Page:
Gloria’s post reminded me of a funny story I recently heard from my sister, who just birthed her third baby a couple of weeks ago.
My grandma grew up poor – one of a tenant farmer’s ten kids. When she started her period, she thought she was dying. No one had explained to her what menstruation was, let alone how to handle it. She stuffed her undergarments with old rags and stockings, and lived with the secret dread of her eventual demise.
Fast forward eighty years. My grandma, who’s now 94, visits my sister and her new baby. She approaches my sister privately, clutching a small pink package. “Honey, I wanted to tell you about these. You put them in your underpants and they stay there to catch the blood. I thought you could use something like this.” Grandma unfolds a tiny panty liner. My sister, who’s bleeding like someone’s who’s recently squeezed out a ten pound baby, thanks her for the tip.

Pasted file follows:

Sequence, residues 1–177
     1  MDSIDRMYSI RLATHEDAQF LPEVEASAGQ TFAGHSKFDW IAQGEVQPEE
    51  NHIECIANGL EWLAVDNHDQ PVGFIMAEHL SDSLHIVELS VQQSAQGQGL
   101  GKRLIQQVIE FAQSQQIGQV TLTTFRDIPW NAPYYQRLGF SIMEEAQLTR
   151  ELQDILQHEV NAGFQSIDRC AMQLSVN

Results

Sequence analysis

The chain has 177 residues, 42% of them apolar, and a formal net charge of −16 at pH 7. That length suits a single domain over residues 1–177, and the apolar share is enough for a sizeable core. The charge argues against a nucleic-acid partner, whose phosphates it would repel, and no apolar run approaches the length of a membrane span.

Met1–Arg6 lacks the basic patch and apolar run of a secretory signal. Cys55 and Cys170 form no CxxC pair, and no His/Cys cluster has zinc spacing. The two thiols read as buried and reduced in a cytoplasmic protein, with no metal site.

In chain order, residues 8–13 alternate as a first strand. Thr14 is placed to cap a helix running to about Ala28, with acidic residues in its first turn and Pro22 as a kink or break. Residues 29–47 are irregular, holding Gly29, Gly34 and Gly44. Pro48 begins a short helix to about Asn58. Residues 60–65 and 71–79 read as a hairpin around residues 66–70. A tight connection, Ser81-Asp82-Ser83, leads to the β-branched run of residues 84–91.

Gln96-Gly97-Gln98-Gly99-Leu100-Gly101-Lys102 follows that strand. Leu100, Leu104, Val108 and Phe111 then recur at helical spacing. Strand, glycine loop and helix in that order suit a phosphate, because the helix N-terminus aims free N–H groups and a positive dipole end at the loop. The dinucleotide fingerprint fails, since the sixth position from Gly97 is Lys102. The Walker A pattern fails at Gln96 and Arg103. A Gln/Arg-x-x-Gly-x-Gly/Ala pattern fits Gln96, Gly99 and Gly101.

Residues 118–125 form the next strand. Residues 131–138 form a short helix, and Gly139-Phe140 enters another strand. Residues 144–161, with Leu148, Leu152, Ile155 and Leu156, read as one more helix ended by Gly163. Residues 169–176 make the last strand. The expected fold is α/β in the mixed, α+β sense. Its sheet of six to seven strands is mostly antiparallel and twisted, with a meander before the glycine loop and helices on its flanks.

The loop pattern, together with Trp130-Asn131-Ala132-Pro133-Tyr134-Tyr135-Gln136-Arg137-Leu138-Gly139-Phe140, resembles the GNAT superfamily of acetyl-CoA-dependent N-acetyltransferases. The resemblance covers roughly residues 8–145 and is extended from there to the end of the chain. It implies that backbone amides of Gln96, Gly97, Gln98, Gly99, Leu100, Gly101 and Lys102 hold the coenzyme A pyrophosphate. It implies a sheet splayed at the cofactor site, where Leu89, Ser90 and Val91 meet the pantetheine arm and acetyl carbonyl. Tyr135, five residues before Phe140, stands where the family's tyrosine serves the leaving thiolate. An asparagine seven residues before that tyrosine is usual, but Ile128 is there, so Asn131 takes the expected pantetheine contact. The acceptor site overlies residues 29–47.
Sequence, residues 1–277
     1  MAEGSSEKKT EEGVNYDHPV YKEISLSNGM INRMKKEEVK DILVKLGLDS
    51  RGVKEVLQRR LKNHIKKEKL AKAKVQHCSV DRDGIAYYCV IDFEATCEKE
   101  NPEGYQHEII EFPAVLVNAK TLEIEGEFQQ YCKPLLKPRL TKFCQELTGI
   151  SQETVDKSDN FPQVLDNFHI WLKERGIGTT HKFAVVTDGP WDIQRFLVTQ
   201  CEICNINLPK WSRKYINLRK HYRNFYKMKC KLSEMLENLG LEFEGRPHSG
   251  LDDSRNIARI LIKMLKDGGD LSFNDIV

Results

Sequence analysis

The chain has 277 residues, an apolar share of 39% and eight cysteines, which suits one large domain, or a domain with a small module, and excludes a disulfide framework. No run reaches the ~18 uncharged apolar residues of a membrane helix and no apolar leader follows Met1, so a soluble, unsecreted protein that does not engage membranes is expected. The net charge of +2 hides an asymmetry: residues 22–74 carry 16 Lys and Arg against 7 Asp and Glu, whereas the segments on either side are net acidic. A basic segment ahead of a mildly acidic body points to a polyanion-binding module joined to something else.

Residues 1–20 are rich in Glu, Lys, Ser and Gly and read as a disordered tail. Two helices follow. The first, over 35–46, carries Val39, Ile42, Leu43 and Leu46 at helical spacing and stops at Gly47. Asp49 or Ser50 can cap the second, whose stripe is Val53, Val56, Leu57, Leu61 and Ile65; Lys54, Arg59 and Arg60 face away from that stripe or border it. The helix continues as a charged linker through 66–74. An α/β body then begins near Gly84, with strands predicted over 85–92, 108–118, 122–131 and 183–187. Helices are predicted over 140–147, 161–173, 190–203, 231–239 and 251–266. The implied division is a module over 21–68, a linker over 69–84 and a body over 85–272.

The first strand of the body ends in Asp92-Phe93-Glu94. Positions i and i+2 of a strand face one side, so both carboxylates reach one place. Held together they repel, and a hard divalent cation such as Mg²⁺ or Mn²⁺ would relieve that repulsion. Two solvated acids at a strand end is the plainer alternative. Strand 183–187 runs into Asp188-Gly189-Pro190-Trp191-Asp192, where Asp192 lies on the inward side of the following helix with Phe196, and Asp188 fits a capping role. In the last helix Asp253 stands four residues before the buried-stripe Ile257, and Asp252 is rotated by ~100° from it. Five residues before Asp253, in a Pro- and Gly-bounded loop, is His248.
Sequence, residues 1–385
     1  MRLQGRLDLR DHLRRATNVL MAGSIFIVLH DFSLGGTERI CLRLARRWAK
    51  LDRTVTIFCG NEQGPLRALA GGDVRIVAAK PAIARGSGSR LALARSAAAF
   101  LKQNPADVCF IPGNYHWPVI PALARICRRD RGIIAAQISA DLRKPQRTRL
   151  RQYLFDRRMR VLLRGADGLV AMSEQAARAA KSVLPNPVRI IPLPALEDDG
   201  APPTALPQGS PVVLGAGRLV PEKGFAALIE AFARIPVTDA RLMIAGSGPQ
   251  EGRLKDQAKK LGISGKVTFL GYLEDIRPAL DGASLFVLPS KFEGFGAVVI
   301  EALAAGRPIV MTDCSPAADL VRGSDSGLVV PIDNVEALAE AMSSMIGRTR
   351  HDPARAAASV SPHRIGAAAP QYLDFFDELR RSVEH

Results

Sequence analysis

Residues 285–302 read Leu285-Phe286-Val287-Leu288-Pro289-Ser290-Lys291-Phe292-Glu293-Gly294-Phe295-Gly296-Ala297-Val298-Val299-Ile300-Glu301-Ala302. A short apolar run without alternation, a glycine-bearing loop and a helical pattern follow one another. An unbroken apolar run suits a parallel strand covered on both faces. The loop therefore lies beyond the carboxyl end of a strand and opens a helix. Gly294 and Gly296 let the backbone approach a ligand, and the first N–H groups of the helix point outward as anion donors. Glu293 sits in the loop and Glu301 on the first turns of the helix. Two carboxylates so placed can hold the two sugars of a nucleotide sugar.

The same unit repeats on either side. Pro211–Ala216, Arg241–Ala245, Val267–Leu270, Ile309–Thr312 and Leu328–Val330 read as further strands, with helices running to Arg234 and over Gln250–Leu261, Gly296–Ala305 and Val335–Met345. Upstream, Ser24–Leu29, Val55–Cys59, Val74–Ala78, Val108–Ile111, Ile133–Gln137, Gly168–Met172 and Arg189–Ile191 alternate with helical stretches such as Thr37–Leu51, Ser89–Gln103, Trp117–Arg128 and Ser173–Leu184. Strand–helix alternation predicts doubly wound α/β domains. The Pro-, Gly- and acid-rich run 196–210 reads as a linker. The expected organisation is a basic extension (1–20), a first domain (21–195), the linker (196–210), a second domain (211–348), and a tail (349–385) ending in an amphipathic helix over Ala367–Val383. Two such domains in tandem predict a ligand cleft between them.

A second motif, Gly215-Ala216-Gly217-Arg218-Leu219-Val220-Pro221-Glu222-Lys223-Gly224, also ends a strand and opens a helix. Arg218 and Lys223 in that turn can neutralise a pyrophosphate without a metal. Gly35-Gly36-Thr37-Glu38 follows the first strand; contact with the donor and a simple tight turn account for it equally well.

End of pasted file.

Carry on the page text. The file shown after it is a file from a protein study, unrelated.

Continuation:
It’s good to be reminded how far women have come: how much more we know about our own bodies and how many more tools we have at our disposal. For perspective, cruise around the Museum of Menstruation, the brainchild of retired Department of Defense employee and lifelong bachelor Harry Finley.
Unfortunately, Harry’s family doesn’t support his venture:
“My stepmother told me more than once I’d disgraced the family name. I got pretty depressed about that. She hasn’t spoken to me in 12 years,” says Finley. When he meets new people, “I try not to tell them; I’m past that. I tell them I paint portraits, which I do.”
I for one am glad that Harry had the cojones to launch his online ode to “the dot.” Otherwise, I would have never known that women were once compelled to douche with Lysol.